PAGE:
The spirit of the Olympics is in uniting otherwise divided people in a safe environment of friendly competition. Who would have known the recent Winter Games would also provide a bridge between the LGBTQ community and people we’ll never know?
This moment happened when a television camera operator covered Gus Kenworthy’s celebration leading up to his ski slopestyle qualifier. Like any athlete, he kissed a loved one for luck before his event, and it just so happened this loved one was another man.
A real gay kiss on live national television. It came and went and the world didn’t end, NBC didn’t have to apologize and scores of straight people were genuinely happy for them.
There were only 15 out athletes competing in Pyeongchang, including Americans Brittany Bowl, Adam Rippon and Gus Kenworthy. Johnny Weir added his style to coverage of figure skating, and Rippon became such a favorite that NBC tried to hire him after his Olympic competition was over.
What a far cry from my first gay athlete experience in Billie Jean King. The recent film “Battle of the Sexes” allows King to be a sympathetic character, an incredible athlete who showed great resolve in an impossible situation. But that’s not quite how she was seen when the events of her affair with Marilyn Barnett came to light.
I was in elementary school at the time and only remember brief clips of her press conference, her husband by her side. I remember an apology. I remember people being disgusted by the thought of her having sex with another woman. And I remember her being perceived as less attractive because of it.
Maybe that’s why when my own sexuality was becoming clear to me, I felt like hiding that inner struggle. I had a box beneath my bed that contained books written by or about lesbians. I forget the titles, but since I was mail-ordering books from the Barnes & Noble paper we got in the mail, I’m sure my parents were glad I was reading and trusted my choices in books without inspecting the boxes addressed to me.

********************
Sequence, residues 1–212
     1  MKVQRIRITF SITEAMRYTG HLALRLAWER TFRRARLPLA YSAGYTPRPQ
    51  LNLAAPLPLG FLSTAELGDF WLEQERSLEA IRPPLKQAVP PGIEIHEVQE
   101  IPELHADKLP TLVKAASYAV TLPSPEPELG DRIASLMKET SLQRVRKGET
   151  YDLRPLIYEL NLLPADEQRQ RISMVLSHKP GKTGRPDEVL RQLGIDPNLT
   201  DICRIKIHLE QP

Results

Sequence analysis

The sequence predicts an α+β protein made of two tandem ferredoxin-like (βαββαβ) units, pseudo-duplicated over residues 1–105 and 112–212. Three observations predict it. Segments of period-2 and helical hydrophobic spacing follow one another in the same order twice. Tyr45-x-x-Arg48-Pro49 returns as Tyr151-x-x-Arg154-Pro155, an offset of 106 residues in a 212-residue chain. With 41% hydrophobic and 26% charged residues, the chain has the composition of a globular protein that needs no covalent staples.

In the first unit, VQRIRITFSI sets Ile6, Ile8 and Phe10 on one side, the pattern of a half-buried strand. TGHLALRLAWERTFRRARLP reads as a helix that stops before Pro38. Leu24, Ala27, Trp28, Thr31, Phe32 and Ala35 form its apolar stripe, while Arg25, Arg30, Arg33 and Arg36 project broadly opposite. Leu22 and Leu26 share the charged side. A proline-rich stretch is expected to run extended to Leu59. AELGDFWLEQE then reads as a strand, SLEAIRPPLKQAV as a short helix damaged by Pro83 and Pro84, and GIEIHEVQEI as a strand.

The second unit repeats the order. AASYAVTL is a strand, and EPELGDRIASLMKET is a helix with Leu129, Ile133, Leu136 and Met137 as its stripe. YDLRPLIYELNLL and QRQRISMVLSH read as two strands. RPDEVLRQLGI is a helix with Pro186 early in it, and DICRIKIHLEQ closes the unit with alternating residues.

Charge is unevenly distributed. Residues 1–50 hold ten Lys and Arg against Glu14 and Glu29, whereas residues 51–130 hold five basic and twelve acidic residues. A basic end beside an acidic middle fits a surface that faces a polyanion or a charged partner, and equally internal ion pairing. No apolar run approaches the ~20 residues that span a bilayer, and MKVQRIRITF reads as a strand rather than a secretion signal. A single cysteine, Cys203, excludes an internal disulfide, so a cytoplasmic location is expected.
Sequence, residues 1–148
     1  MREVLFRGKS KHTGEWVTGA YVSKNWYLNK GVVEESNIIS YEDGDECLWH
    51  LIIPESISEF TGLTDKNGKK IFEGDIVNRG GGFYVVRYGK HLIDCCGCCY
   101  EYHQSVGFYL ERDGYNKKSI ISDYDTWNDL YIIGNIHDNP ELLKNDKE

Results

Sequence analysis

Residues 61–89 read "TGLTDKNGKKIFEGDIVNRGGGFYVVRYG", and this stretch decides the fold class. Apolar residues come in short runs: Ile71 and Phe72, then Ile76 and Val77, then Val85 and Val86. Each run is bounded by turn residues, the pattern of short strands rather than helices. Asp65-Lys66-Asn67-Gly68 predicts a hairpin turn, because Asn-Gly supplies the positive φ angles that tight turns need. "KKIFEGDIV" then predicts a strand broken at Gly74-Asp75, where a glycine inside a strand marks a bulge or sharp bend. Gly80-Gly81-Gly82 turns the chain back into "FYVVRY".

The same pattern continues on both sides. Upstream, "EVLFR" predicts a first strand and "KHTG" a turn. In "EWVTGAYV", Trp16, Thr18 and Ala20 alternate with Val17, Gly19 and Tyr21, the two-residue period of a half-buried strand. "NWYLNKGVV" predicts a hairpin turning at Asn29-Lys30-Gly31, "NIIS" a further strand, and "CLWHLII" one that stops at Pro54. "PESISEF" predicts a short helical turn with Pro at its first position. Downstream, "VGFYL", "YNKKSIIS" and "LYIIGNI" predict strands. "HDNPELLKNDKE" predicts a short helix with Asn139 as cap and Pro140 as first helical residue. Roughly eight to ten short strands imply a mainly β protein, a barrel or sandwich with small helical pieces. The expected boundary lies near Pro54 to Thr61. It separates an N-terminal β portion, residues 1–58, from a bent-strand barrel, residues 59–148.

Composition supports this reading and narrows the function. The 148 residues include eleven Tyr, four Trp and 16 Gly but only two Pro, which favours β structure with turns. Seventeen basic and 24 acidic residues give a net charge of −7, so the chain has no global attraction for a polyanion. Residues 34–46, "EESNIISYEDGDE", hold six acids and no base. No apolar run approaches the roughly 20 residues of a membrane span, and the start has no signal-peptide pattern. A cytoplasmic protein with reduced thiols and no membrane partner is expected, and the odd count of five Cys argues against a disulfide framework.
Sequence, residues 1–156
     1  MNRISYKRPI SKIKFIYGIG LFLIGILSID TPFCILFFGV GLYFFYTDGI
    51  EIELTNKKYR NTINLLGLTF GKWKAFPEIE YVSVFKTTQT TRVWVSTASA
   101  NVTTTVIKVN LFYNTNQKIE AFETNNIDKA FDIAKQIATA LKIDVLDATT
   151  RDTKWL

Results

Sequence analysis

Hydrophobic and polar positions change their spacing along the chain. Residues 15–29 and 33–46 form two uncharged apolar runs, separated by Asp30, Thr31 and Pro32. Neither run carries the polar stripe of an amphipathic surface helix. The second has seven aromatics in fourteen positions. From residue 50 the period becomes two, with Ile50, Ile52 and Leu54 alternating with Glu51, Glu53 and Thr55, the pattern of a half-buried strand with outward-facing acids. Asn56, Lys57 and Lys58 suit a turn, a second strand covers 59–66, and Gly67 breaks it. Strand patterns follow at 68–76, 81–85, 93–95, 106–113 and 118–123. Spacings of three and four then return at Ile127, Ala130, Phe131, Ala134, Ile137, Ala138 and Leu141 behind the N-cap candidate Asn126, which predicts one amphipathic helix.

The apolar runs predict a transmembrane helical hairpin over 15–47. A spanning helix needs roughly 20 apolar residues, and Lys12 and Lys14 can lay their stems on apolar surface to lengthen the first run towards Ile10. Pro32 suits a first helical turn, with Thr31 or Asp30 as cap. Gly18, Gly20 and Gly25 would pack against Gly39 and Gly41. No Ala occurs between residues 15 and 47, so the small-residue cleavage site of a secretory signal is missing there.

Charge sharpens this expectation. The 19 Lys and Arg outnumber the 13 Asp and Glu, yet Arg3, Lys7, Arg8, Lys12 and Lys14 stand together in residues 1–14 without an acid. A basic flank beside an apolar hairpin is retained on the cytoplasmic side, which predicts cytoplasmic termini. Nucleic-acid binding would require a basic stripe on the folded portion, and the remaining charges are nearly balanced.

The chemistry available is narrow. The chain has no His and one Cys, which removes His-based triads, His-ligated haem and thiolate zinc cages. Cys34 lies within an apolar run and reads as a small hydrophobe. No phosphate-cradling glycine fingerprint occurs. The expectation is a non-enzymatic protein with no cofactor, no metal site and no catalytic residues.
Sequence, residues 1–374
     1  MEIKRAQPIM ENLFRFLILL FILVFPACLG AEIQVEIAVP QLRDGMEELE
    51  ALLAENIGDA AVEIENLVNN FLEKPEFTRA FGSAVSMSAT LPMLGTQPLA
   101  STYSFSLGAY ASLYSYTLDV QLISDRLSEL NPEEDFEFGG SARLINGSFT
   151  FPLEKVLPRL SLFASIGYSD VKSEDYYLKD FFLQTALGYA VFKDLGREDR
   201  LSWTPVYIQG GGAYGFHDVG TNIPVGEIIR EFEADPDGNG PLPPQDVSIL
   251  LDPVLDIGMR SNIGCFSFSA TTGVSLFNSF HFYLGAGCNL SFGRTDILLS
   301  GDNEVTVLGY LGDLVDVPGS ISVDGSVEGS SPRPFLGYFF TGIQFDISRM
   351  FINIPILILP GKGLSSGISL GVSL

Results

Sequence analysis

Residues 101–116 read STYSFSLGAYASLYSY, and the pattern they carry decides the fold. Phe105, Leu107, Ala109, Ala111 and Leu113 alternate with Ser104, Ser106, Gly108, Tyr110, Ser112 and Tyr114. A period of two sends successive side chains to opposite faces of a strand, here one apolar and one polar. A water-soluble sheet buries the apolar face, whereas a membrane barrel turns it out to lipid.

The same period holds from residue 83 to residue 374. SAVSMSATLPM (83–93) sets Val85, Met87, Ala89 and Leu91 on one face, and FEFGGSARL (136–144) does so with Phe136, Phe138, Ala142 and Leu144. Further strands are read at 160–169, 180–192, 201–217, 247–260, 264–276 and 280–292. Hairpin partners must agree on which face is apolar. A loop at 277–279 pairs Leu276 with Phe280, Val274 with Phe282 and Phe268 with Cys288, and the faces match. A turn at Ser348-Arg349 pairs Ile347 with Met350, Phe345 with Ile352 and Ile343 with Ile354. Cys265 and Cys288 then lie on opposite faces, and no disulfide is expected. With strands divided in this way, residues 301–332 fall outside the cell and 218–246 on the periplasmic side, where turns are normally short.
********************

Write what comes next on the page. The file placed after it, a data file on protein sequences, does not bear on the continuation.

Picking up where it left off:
Now I know there were young girls and boys who saw the Winter Games the past few weeks and drew inspiration from these out athletes, and will be made to understand when the time comes that they can be themselves without having to hide or apologize for who they are. I expect the number of these pro-LGBTQ images to grow as we watch the Games in Tokyo, Beijing, Paris and Los Angeles.
But these images cannot occur without you. Being an adult LGBTQ member and not allowing the world to know you exist keeps the next generation in the closet too. I respect why there are some who have no interest in being out and proud, but that decision does come at a cost. Not only to your personal self-worth, but also to the self-worth of that little girl who is crying herself to sleep with dread of a life without love and acceptance. Yet we know her life will be filled with an abundance of love and acceptance — it just takes people like those out athletes, that cameraman, executives at NBC and other friendly faces in her community to show her.